On June 20, 2004, 5-year-old Jesus Espino-Meza was abducted from his Watsonville home, allegedly by his non-custodial father, Fernando Nava Espino. More than two and a half years later, the 8-year-old was found Monday in Delano, Kern County.
Espino, 50, of Watsonville was arrested in Delano Monday afternoon on charges that he abducted his son, Delano police reported.
Delano police had received information that Espino might have been in the area when they responded to reports of a suspicious subject at a local Taco Bell at 5:50 p.m. Monday, said Delano police Cmdr. Raul Alvizo.
From what we gather, he was holding the bathroom door closed for his son so nobody would go inside, Alvizo said. It was kind of suspicious.
When police officers contacted Espino at the Taco Bell, he initially provided false identification. Further investigation revealed Espinos identity and that he was wanted in Watsonville for abducting his son and for several outstanding felony warrants, Alvizo said. He was booked at the Delano jail and then transported to the Kern County Jail.
Espinos son was taken into protective custody in Kern County and has been reunited with his mother, Alvizo said. Espino remains in custody and will eventually be transferred back to Watsonville, according to the Watsonville Police Department.
Espinos arrest came after Watsonville Police officer Frank Ibarra received a call from a Fresno County man who said he had spotted Espino and his son after watching a missing persons commercial featuring the 8-year-old. When the individual searched for the boy on www.missingkids.com, he saw the contact information for the Watsonville Police Department, Ibarra said.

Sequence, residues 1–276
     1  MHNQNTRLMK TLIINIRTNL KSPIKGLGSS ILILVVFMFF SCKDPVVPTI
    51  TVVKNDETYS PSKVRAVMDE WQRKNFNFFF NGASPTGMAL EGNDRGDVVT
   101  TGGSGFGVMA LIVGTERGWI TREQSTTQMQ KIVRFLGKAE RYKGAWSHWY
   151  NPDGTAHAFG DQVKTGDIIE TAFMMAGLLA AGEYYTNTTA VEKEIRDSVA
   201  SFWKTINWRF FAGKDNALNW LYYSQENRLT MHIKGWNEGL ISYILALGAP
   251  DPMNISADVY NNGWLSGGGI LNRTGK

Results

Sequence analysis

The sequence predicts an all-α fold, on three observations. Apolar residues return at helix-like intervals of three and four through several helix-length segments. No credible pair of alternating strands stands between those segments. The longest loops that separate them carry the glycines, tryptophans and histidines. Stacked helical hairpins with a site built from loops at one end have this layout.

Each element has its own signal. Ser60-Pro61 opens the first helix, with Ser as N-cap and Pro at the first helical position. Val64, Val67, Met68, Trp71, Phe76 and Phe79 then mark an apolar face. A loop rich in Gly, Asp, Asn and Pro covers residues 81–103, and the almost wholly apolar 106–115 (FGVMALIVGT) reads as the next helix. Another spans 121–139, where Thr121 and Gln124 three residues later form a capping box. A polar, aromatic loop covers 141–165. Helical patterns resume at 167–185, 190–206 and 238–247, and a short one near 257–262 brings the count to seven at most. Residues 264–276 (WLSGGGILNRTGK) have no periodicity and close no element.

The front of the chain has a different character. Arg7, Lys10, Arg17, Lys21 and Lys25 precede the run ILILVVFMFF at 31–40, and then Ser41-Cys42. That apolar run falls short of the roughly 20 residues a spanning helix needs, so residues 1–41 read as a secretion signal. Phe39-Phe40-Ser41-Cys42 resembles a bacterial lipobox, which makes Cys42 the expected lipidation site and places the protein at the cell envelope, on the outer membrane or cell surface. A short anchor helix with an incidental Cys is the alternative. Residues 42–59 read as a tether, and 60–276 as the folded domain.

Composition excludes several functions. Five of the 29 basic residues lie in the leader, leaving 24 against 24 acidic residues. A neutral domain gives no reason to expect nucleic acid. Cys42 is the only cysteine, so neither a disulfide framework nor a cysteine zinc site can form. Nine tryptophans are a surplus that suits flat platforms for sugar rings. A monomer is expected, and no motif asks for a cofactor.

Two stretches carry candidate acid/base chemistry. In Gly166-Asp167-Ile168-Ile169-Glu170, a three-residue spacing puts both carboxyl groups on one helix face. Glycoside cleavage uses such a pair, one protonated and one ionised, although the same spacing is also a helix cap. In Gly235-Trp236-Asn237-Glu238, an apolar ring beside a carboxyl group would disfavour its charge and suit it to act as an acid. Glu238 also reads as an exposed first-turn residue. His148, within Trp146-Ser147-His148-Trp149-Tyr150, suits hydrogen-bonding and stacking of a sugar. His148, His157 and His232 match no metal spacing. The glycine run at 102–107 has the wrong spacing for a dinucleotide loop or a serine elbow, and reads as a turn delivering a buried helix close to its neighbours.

When the quick-thinking man saw Espino and his son again, he used his cell phone to photograph the suspects license plate, which he then reported to the Watsonville Police Department. Ibarra told the man to contact the police if he saw them again, which he did after spotting the suspects vehicle outside Taco Bell on Monday.
Im a father, and if my kid was ever missing I would want someone to call, the individual, who asked to remain anonymous, told Ibarra, who spoke to him several times between Saturday and the Monday arrest.
According to Ibarra, officers on the scene Monday said the child appeared healthy, although one officer said he was hungry and took him for a hamburger. At first, the boy reported a false name, but when an officer asked what his name was before, Espino-Meza revealed his identity, Ibarra said.
The childs mother, who has since moved to Santa Clara County, was overjoyed when Ibarra gave her the news. In fact, she told him she had sensed that something was about to happen Monday when he called. Ibarra also had to prepare the mother for difficult news Espino-Meza was told that his mother was dead, Ibarra said.
In 2004, Espino was suspected of abducting his three children during a routine visit. The two older kids were quickly found in Madera, but Espino-Meza was never located.
Ibarra gives the bulk of the credit in finding Espino-Meza to the individual who spotted him. Since Ibarra took the case in 2004, seven officers have worked to find the boy, Ibarra said.
In fact, of the 200-300 missing person cases that Ibarra has worked on in his 12 years with the Watsonville Police Department, he had never had a successful outcome after such a lengthy disappearance.
I was happy that someone called it in, especially being such an old case, Ibarra said. After time passes, people forget about it. Fortunately the reporting party was able to see that on the TV.
Im pretty happy its a good way to start the year, Ibarra added.
For more information on missing persons, visit the Web site www.missingkids.com or contact the Watsonville Police Department at 768-3300.
(Published in 1/4/07 edition)
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